(3) And did you know that in the 1940s the Chinese here were more interested in China events (WWII) than they were in local developments?

              (4) The Malayan Union, which the Malays opposed, was good for the Chinese. So logically if the Chinese were interested in Malayan citizenship, they should have backed the MU to the hilt so that the easy terms stayed instead of allowing the Malay 1946 protests to succeed and thus having MU replaced with the more stringent citizenship requirements of the 1948 Persekutuan Tanah Melayu agreement.

              Reply
          • 52. jonnymalaya  |  February 4, 2013 at 6:03 pm

            “Layak melalui permohonan (through registration):

            (a) la telah diperanakkan dan telah tinggal dalam mana-mana negeri-negeri dalam Persekutuan selama 8 daripada 12 tahun terdahulu daripada permintaannya”

            Most Chinese & Indians in Malaya by 1955 would already have been born on Malayan soil. Their parents too. Those from the 1st Gen would get it if they have a sufficient understanding of English OR Malay, and a good record.

            When Malayan Union was being proposed, despite being an equal number the Indians & Chinese did not press forward to support it. If they weren’t interested in citizenship, they wouldn’t have applied or even accepted it first place.

            Reply
            • 53. Helen Ang  |  February 4, 2013 at 9:10 pm

              If the Chinese were interested in citizenship, the door was thrown wide open in 1946 via Malayan Union (to which the Malays objected).

              If they had been interested to apply at anytime prior to Merdeka, we would not have gotten the in-bulk 823,000 applications processed in 1958 as the stream of applicants would have steadily been applying each year instead of “at the last minute” when the crunch came in 1957 and they were forced to make a choice.

              As to whether they would have passed the processing under “normal” circumstances, as compared to the special circumstances of Merdeka 1957 (the 823,000 approved in 1958), would be the terms of the RCI mooted by Dr M.

              You may conjecture that they would have been able pass, I may conjecture that they wouldn’t but we’re both speculating. Some kind of formal inquiry can better determine.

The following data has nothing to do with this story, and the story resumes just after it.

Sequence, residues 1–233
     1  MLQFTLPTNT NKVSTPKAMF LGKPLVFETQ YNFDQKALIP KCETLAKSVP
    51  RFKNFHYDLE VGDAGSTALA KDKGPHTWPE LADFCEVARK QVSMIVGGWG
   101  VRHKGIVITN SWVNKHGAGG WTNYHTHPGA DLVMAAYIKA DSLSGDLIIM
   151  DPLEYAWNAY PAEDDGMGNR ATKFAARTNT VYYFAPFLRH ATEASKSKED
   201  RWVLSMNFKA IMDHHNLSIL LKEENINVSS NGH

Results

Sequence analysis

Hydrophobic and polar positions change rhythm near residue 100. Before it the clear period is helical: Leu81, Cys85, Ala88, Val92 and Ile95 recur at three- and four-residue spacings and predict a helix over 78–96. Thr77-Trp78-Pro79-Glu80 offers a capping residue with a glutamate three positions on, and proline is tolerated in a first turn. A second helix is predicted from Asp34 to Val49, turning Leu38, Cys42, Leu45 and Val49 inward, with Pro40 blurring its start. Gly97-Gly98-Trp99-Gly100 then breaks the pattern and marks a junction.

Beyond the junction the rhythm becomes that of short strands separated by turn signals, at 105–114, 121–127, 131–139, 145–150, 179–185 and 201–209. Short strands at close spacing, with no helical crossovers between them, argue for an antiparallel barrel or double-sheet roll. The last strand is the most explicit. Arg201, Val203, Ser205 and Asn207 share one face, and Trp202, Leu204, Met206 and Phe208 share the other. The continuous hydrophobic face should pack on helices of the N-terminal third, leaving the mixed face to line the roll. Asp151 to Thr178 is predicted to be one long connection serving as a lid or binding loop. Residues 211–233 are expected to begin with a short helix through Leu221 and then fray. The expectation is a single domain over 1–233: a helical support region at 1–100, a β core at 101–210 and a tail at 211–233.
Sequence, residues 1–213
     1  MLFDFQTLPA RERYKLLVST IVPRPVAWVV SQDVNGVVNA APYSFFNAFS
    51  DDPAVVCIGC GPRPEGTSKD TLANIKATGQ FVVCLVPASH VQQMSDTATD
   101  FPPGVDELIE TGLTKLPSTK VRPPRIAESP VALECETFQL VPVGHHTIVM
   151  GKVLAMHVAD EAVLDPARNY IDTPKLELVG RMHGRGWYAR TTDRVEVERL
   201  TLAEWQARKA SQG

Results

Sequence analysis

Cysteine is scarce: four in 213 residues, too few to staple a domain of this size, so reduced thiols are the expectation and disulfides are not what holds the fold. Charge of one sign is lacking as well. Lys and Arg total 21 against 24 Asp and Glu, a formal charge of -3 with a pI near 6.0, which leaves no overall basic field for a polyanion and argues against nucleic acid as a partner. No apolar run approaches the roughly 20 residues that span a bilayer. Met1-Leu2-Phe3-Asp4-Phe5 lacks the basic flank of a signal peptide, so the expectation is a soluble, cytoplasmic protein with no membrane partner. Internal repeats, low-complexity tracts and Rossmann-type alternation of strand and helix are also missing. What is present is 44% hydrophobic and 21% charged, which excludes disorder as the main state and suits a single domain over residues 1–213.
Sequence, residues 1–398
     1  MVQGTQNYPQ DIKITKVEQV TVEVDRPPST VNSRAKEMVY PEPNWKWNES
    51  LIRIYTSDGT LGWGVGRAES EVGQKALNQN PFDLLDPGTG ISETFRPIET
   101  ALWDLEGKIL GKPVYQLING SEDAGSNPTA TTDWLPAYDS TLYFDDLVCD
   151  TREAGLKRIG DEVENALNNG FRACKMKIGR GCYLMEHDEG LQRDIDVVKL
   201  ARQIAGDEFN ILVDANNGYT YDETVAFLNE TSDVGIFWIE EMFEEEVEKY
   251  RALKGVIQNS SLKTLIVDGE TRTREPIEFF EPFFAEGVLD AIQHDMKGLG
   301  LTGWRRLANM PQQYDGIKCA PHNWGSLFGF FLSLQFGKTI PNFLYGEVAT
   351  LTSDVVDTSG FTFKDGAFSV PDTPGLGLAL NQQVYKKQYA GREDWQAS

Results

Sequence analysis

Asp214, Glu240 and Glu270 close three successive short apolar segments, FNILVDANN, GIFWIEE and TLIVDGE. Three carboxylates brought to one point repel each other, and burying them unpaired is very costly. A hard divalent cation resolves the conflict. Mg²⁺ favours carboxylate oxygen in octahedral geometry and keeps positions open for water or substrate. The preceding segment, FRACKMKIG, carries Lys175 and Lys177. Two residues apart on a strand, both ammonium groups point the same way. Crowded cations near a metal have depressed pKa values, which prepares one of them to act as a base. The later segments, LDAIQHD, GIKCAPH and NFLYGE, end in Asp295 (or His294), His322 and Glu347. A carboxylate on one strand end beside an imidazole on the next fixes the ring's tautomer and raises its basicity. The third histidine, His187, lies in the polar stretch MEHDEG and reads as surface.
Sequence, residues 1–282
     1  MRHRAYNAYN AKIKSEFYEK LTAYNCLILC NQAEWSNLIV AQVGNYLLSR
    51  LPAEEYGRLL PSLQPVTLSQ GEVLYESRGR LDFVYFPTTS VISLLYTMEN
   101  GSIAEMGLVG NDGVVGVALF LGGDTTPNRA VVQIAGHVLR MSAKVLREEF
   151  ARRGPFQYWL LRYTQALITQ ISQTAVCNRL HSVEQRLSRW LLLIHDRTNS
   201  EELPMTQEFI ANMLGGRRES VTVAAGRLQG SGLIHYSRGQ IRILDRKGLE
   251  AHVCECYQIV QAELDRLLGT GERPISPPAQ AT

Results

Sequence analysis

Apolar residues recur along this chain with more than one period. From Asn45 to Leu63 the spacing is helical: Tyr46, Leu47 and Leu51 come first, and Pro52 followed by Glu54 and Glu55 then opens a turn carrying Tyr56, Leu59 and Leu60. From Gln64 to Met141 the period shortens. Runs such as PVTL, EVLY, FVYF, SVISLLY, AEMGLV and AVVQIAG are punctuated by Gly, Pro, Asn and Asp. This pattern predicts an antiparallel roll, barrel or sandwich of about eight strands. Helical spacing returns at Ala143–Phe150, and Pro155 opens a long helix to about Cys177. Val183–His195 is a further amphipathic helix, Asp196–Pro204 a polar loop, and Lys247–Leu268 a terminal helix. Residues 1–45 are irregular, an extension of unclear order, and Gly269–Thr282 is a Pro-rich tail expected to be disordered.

Reply
              • 54. Helen Ang  |  February 4, 2013 at 9:13 pm

                P.S. I’m not supporting Dr M’s RCI. I’m just discussing this in the context of Jonnymalaya’s argument that it would have been a breeze for Chinese to qualify as registered citizens between 1948 and 1957 if they had applied.

                Reply
  • 55. Atas Pagar  |  February 4, 2013 at 5:13 pm

    If there is splitting of votes amongst the majority, it is a norm and if there is any consequence to it, it is most likely benign.

    In contrast if 80-90% of the minority votes are to go to the candidates from the minority faction, it just show how smart the minority is; and only the liberal majority will allow that to happen.

    Reply
  • 56. shamshul anuar  |  February 4, 2013 at 7:54 pm

    JohhnyMalaya,

    Nope. even in 1999 when UMNO was considerably weaken due to anwar’s sacking, UMNO still manages to get the lion share of malay votes.

    It still managed to win in Malay majority areas comfortably. Here I even disagree with Dr mahathir that Chinese votes saves BN. even at that time, approximately half of Chinese votes still went to DAP.

    No doubt BN’s chinese votes is considerable then. Not because they love Dr mahathir. rather, they may not want to experience what Indonesian chinese faced after the downfall of Suharto.

    Reply
    • 57. jonnymalaya  |  February 5, 2013 at 9:58 am

      But even in 1980s to 1990s, and 2004 the non Malay votes also went to BN. Without that, BN wouldn’t have the 2/3-rds it once enjoyed.

      In the past 20 years, it was only Kelantan & Trengganu (Malay states) that have fallen to non BN hands…

      Reply
      • 58. shamshul anuar  |  February 5, 2013 at 12:51 pm

        johhnymalaya,

        Nobody is denying that sizable Chinese population also votes for BN.

        Reply